Computer networking reference models

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To varying extents, architectures for computer networking have used conceptual models into which their mechanisms are mapped, the scope of mechanisms defined, and possible gaps in coverage. The best-known of these, the Open Systems Interconnection Reference Model (OSIRM), developed by the International Organization for Standardization (ISO)[1] is indeed best known, but is, in practical networks, relegated to historical significance.

In contrast, the Internet Protocol Suite, which is far less abstract, and not routinely called a reference model, operates in a practical role, guiding but not controlling real-world implementations. It defines network activities into rough categories:

Note that the mechanisms for sharing media and connecting devices are generally outside the scope of the IETF, but, for wired and wireless local networks, the Institute for Electrical and Electronic Engineers (IEEE) does have an architecture IEEE Project 802 and issues specific standards.[2]

The Historical Background

The OSI model was originally published with seven abstract layers [3], and is widely taught on the basis of those layers. ISO actually saw deficiencies in the original seven-layer model and issued modifications, but these modifications are presented only rarely in basic networking courses, especially in industry. Some of the conflicts in the OSI model were resolved in the reference model for Asynchronous Transfer Mode (ATM), but its refinements also are not often presented.

The dominant, and much more informal, networking reference model is that defined by the Internet Engineering Task Force. As a result of the academic and industry emphasis on teaching the now-obsolete original OSI model, there is a continuing and frustrating tendency, in educational material on network architecture, to treat the OSI model as if it is still used other than as a teaching aid, and to try to “coerce” [4] Internet Protocol Suite protocols into OSI layers.

Experience has taught us a set of Networking Truths, articulated by Ross Callon. While they were issued in a April 1 document, traditionally the date of less-than-serious IETF publications, the points are very valid:[5]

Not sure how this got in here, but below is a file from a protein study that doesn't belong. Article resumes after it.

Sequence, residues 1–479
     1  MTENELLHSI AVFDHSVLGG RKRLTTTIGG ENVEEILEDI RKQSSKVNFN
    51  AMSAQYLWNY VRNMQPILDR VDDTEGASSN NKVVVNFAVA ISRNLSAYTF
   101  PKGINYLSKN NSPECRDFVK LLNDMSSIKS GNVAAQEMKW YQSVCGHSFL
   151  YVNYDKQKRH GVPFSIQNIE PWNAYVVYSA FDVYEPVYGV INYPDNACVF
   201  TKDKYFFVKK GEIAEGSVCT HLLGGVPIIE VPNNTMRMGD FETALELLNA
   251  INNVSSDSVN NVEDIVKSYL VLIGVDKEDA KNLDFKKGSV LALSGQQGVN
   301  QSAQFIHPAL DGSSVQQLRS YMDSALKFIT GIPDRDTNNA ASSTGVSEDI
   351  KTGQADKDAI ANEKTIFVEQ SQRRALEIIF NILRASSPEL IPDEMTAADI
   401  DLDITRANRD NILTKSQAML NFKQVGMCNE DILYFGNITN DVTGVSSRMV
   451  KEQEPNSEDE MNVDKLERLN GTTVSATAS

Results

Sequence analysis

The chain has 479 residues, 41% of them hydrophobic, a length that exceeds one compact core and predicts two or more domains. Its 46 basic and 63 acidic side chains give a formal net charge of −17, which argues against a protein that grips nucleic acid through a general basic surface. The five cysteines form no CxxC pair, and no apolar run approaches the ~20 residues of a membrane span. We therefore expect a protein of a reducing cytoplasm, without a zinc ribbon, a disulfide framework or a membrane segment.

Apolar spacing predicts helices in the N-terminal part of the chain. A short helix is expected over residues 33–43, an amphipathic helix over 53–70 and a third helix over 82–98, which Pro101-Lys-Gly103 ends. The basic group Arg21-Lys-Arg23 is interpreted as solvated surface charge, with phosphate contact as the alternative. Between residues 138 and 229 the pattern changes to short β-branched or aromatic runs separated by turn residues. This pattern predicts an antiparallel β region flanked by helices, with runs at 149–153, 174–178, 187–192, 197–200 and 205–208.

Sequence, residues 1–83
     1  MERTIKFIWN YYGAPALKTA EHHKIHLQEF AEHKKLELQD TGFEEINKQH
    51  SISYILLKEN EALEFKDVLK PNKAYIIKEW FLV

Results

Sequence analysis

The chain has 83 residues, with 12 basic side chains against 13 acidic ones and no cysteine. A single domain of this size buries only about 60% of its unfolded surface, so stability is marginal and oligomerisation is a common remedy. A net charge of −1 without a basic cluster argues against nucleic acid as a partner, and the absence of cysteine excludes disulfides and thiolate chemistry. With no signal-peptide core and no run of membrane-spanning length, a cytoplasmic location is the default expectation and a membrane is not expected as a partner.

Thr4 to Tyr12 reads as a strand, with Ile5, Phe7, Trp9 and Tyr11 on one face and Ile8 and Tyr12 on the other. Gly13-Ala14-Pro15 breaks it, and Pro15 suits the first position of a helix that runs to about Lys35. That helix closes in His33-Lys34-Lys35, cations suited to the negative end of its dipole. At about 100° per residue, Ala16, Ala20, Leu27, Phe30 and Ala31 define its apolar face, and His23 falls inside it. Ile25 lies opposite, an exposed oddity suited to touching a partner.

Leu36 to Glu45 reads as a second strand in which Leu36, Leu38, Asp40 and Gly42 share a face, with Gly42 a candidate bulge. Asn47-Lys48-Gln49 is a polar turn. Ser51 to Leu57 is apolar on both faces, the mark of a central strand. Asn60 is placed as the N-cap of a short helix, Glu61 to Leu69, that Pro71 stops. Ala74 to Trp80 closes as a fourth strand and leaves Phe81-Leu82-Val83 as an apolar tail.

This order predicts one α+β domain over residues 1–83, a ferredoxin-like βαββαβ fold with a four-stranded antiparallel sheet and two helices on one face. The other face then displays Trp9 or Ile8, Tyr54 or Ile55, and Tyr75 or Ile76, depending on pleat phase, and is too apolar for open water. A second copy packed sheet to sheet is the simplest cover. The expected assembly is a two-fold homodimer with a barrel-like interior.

1. It Has To Work
  2. No matter how hard you push and no matter what the priority, you can't increase the speed of light. 299,792,458 meters per second/186,282.397 miles per second isn't just a good idea. It's the Law. Corollary: No matter how hard you try, you can't make a baby in much less than 9 months. Trying to speed this up might make it slower, but it won't make it happen any quicker.
  3. With sufficient thrust, pigs fly just fine. However, this is not necessarily a good idea. It is hard to be sure where they are going to land, and it could be dangerous sitting under them as they fly overhead.
  4. Some things in life can never be fully appreciated nor understood unless experienced firsthand. Some things in networking can never be fully understood by someone who neither builds commercial networking equipment nor runs an operational network.
  5. It is always possible to agglutinate multiple separate problems into a single complex interdependent solution. In most cases this is a bad idea.
  6. It is easier to move a problem around (for example, by moving the problem to a different part of the overall network architecture) than it is to solve it.(corollary). It is always possible to add another level of indirection.
  7. It is always something. (corollary). Good, Fast, Cheap: Pick any two (you can't have all three).
  8. It is more complicated than you think.
  9. For all resources, whatever it is, you need more. (corollary 9A) Every networking problem always takes longer to solve than it seems like it should.
  10. One size never fits all, although it is a fundamental Internet assumption that general-purpose protocols should be able to scale to arbitrary size.
  11. Every old idea will be proposed again with a different name and a different presentation, regardless of whether it works. (corollary). See the corollary to Rule 6.
  12. In protocol design, perfection has been reached not when there is nothing left to add, but when there is nothing left to take away.

Architectural principles

There are good ideas in several models, as well as concepts that tend to be used as a drunk uses a lamppost: for support rather than illumination. Some basic Internet assumptions are:[6]

  1. If there are several ways of doing the same thing, choose one. If there is an existing technique that can deal with some requirement, use it, unless there are valid technical reasons not to do so.
  2. designs must scale readily to very many nodes per site and to many billions of nodes.
  3. Performance and cost must be considered as well as functionality.
  4. Keep it simple. When in doubt during design, choose the simplest solution.
  5. Modularity is good. If you can keep things separate, do so.
  6. In many cases it is better to adopt an almost complete solution now, rather than to wait until a perfect solution can be found. Perfection is the enemy of excellence.